The Rajya Sabha on Saturday passed the Nalanda University Bill, which intends to revive the 5th century residential institution that attracted students from all over the world.
The revival is taking place under an international initiative by the East Asia Summit, a bloc of which India is a member, with the Ministry of External Affairs being actively involved in the $1billion project.
A mentor group that drafted the regulations will be the university's interim governing body, which is headed by Nobel laureate Amartya Sen and includes the Singapore Foreign Minister.
The aim is to attain the standard reached by Chulalongkorn University of Thailand and The Institute of Southeast Asian Studies, Singapore.
The debate preceding the passage of the Bill saw an ideological division among the members over the ruination of the university, with Sitaram Yechury (Communist Party of India-Marxist) pointing out that its revival involving 16 countries and an eminent team of international thinkers, philosophers and Nobel Laureates should not be seen in terms of settling scores of the past in history, but in terms of trying to revive the glory that once was of Nalanda.
Referring to Karan Singh's (Congress) observation that Bakhtiyar Khilji's troops had vandalised the university, Mr. Yechury said it was history.
“We are the churning crucible of human civilisation, and that is what these lands represented. Various tendencies have come; we have assimilated various tendencies, and on that basis, we have advanced. And today the BBC describes, in its Epic History series, India as the only continuing civilisation in the history of human civilization anywhere in the world,” he said.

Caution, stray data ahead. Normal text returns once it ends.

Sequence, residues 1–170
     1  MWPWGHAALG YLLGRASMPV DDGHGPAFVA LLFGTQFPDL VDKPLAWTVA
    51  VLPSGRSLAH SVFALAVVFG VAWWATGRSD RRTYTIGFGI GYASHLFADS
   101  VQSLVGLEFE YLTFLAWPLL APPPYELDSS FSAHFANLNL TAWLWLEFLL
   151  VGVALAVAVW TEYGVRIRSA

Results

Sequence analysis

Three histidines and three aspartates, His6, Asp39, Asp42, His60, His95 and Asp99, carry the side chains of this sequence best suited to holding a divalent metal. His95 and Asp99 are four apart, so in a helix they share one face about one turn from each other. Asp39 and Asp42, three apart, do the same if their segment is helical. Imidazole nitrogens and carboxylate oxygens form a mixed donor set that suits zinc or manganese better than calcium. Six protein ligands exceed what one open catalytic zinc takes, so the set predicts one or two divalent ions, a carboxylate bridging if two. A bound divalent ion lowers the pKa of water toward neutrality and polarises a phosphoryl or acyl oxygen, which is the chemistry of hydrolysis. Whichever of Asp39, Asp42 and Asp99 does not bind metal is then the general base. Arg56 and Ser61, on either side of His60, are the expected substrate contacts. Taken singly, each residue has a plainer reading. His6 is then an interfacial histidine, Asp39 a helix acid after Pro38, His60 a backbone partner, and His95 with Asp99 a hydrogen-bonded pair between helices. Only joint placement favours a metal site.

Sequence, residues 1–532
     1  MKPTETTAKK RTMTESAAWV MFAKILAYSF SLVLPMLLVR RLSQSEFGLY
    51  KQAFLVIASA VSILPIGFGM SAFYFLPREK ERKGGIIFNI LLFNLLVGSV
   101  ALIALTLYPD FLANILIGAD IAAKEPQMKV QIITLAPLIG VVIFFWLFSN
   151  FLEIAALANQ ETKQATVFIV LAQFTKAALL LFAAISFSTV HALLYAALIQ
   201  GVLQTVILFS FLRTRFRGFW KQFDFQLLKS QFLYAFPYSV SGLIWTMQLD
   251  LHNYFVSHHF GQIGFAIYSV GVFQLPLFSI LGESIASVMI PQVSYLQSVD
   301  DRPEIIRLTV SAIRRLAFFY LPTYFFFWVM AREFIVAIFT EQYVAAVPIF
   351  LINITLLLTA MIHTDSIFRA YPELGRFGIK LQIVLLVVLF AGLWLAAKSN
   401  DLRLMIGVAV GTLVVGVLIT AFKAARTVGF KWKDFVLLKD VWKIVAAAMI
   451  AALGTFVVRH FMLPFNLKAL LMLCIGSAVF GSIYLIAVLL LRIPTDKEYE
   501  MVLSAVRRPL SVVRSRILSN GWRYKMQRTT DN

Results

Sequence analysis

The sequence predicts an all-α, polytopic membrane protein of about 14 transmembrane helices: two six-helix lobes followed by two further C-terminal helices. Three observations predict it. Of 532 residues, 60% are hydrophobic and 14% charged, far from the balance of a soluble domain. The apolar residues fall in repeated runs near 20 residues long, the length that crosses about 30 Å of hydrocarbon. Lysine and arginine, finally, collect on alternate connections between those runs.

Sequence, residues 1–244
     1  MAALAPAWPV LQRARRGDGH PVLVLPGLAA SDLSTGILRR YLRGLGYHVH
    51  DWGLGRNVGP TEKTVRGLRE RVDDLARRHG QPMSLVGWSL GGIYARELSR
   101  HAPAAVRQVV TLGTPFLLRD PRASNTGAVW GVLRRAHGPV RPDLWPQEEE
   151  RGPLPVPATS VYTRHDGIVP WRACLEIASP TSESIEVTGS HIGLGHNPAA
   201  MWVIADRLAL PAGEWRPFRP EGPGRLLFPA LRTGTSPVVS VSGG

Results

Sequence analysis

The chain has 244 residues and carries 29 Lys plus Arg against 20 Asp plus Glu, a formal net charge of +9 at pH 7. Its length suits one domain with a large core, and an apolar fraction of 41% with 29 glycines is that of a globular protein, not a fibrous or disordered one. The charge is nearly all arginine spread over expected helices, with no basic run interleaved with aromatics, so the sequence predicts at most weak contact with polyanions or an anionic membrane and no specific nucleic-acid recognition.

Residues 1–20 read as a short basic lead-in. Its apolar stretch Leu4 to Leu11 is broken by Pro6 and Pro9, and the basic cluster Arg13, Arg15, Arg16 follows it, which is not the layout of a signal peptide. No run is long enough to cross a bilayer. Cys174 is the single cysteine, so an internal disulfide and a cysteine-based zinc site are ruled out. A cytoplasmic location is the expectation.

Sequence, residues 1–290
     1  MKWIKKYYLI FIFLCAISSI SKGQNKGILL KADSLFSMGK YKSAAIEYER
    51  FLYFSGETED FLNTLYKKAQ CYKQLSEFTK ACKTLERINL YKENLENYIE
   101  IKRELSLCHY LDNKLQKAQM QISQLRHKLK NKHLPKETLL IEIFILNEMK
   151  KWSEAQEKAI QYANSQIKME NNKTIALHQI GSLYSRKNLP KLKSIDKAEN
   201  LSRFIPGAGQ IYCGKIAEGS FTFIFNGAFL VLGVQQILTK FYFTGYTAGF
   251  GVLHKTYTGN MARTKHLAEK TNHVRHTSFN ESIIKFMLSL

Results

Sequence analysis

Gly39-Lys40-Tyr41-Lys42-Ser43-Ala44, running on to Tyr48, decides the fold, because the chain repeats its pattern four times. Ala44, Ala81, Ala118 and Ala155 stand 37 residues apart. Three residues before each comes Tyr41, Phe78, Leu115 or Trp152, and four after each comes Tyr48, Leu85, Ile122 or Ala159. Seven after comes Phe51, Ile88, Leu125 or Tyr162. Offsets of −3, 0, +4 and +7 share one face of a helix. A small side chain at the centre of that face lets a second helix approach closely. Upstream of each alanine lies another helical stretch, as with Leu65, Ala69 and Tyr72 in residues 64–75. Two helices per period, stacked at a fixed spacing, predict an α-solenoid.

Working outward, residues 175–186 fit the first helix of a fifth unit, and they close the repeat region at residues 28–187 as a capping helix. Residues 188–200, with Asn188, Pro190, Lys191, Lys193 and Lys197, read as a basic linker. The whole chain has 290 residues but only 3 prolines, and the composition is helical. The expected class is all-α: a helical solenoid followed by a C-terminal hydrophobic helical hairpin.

Taking the cue again from Dr. Singh's earlier observations, Mr. Yechury pointed out that Raja Raja Cholan's Thanjavur temple built in 1002 AD even today opens with the same shlokas that have been read out for over 1008 years. “You have that continuity and you have the change. Nalanda represented that; it represented, for a millennium, the repository of world's knowledge where the advent of ideas was continuously taking place. If you go by the accounts of Huen Tsang, it was not only a temple of knowledge, but a temple of the highest pinnacle of tolerance, and religious tolerance at that, which is something that we have to imbibe today,” he observed.
N.K. Singh (Janata Dal-United) felt the university could become an ‘Icon of Asian renaissance' by reflecting the old Nalanda University's ethos as the confluence of East and South Asia. He hoped the new university could be a trend setter for the power of soft diplomacy.